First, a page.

The existing Israel and Palestine interplay is constantly evolving. This understanding leads me to have a quite different overview of the present situation that I will express in a deliberately provocative way–either the future will witness a further entrenching of the Israeli apartheid state or Israel will abandon and dismantle current apartheid structures and accept a Palestinian call for peace in accord with international human rights law, and more generally, agree on steps that need to be taken to realize the Palestinian right of self-determination. As previously stated such a Palestinian realization of self-determination must not be exercised at the expense of a complementary Jewish right of self-determination. This is not meant as an indirect endorsement of Zionist goals as articulated by currently dominant Israeli forces. It is obviously difficult to adjudicate between these overlapping claims of self-determination, and doing so most likely requires help from genuinely detached third parties. Putting this more concretely, a spiritual homeland for the Jewish people in ancient Palestine would could be maintained, but not the current Jewish state with its preferential ethnically framed nationality laws, making Israel what the Jewish leader Henry Siegman perceptively identifies as an ‘ethnocracy’ rather than a ‘democracy.’

 

Let me acknowledge, without delving into the matter, that the Palestinian Authority (PA) and the Palestinian Liberation Organization, the formal representatives of the Palestinian people in international venues, has been partly responsible for the confusion about these fundamental points by seeming to go along with both a territorial definition of the conflict and a solution based on the Oslo process despite it being tainted by the United States acting in the role of intermediary. The PA posits its primary goal to be the establishment of some kind of Palestinian state on the currently occupied territory of the West Bank, and indeed claims that such a state already exists, a position affirmed by the General Assembly in a resolution adopted on November 29, 2012. This also allows Israel and the United States to continue treating ‘the peace process’ as necessitating direct negotiations between the parties despite Israel’s multiple efforts to de facto annex portions of the West Bank at Palestine’s expense ever since the early 1990s. By now it should be evident that these direct negotiations have given the Palestinians zero benefits for the last 20+ years while bestowing on Israel a golden opportunity to pursue its expansionist agenda in violation of international law. The fact that Israel continues to lend rhetorical support to such a peace process sustains for many the illusion that its government favors a genuine effort to solve the conflict through diplomatic compromise. Washington does its part, going sheepishly along not only because it habitually defers to Israel, but because playing this particular diplomatic game enables the United States to continue portraying itself as patron of a process dedicated to producing peace.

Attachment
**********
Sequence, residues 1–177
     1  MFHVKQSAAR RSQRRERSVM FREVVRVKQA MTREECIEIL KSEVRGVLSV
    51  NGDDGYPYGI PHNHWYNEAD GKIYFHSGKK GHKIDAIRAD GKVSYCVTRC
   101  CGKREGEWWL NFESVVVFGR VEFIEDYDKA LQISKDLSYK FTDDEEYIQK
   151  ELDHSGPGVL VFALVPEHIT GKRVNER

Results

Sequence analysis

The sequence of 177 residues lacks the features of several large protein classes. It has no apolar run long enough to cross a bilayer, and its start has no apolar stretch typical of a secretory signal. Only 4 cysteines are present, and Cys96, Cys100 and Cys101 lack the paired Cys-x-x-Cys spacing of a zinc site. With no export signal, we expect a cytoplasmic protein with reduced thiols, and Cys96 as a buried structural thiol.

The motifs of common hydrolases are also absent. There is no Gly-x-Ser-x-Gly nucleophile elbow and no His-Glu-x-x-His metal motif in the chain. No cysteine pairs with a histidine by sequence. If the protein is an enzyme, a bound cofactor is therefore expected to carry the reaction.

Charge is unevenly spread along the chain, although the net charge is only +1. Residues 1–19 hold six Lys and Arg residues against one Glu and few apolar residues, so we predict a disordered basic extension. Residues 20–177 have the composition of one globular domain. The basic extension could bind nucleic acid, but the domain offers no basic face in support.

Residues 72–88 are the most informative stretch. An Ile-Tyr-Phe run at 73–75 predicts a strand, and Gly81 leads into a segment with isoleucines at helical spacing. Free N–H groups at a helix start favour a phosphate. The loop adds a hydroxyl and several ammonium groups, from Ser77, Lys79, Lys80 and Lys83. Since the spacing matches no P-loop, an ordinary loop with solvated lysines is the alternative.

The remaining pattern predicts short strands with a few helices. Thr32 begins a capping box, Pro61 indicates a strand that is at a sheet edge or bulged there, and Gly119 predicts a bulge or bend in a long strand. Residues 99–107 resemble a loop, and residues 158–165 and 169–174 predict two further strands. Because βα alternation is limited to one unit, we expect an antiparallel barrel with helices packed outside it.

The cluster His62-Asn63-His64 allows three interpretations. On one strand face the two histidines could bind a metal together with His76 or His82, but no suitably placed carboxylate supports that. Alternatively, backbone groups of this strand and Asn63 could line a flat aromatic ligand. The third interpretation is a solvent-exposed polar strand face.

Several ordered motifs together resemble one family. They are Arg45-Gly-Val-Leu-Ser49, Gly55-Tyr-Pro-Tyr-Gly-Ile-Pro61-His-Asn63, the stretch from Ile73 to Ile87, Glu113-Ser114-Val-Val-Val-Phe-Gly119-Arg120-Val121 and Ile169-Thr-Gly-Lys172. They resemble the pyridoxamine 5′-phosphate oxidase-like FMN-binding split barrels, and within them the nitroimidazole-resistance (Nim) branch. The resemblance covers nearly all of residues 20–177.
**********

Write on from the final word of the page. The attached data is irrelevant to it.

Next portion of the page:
Understanding Israel’s Recourse to Apartheid

 

At a conference at the National Press Club on April 10, 2015 in Washington devoted to assessing and depicting the Israel Lobby as it operates in the United States, the influential Haaretz columnist, Gideon Levy, painted a picture of the current Palestinian ordeal concisely with a few verbal brush strokes. He emphatically told the audience what every follower of this ‘peace process’ should have understood long ago: “The two state solution is dead!” What does that mean? According to Levy, neither Israeli motivation nor any practical possibility of moving toward Palestinian self-determination is present, even in that constricted and inadequate sense of territorial empowerment with respect to currently occupied Palestine. Israel’s main policies have long been subversive of the establishment of an independent and sovereign Palestine, the major presupposition of the ‘two state solution.’ The centerpiece of this subversion is, of course, the settlement phenomenon—the establishment and continuous expansion of 121 settlements authorized by Israel (along with 102 so-called ‘settlement outposts’ that are formally unauthorized but are nevertheless officially supported and subsidized) that now provide unlawful homes for between 700,000-750,000 Israeli settlers. This massive encroachment on any future independent Palestine has been abetted by the multi-billion dollar construction of a network of settler only roads, and by building a separation barrier of several hundred miles many segments of which cut deep into occupied Palestinian territory. This notorious wall was authoritatively declared illegal by 14 of 15 judges of the International Court of Justice back in an advisory opinion issued in 2004, endorsed by the General Assembly, and summarily rejected by Israel.

 

Although Levy didn’t explain exactly what he meant by using the word ‘dead,’ it can be interpreted in two distinct ways: first, as Benjamin Netanyahu himself proclaimed in the recent Israeli electoral campaign, as long as he and the Likud Party control the government, Israel will never allow the formation of a Palestinian state in historic Palestine. This also seems to express the real views of a majority of Israeli citizens, and thus the utterance of views to the contrary by Netanyahu and other Israeli leaders for international consumption should be disregarded as a cynical move to placate public opinion; and secondly, even if the words were to be treated as sincere, the settlements, roads, and wall make a viable sovereign Palestinian state incapable of establishment even if Israel some day possesses the political will to bring it into being.